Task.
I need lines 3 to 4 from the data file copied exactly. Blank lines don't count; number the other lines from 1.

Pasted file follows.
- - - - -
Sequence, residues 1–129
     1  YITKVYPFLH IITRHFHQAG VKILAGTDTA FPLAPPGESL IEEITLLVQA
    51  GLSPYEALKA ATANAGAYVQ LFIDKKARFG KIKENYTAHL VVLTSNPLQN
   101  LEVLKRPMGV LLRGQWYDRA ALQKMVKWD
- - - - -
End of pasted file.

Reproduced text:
    51  GLSPYEALKA ATANAGAYVQ LFIDKKARFG KIKENYTAHL VVLTSNPLQN
   101  LEVLKRPMGV LLRGQWYDRA ALQKMVKWD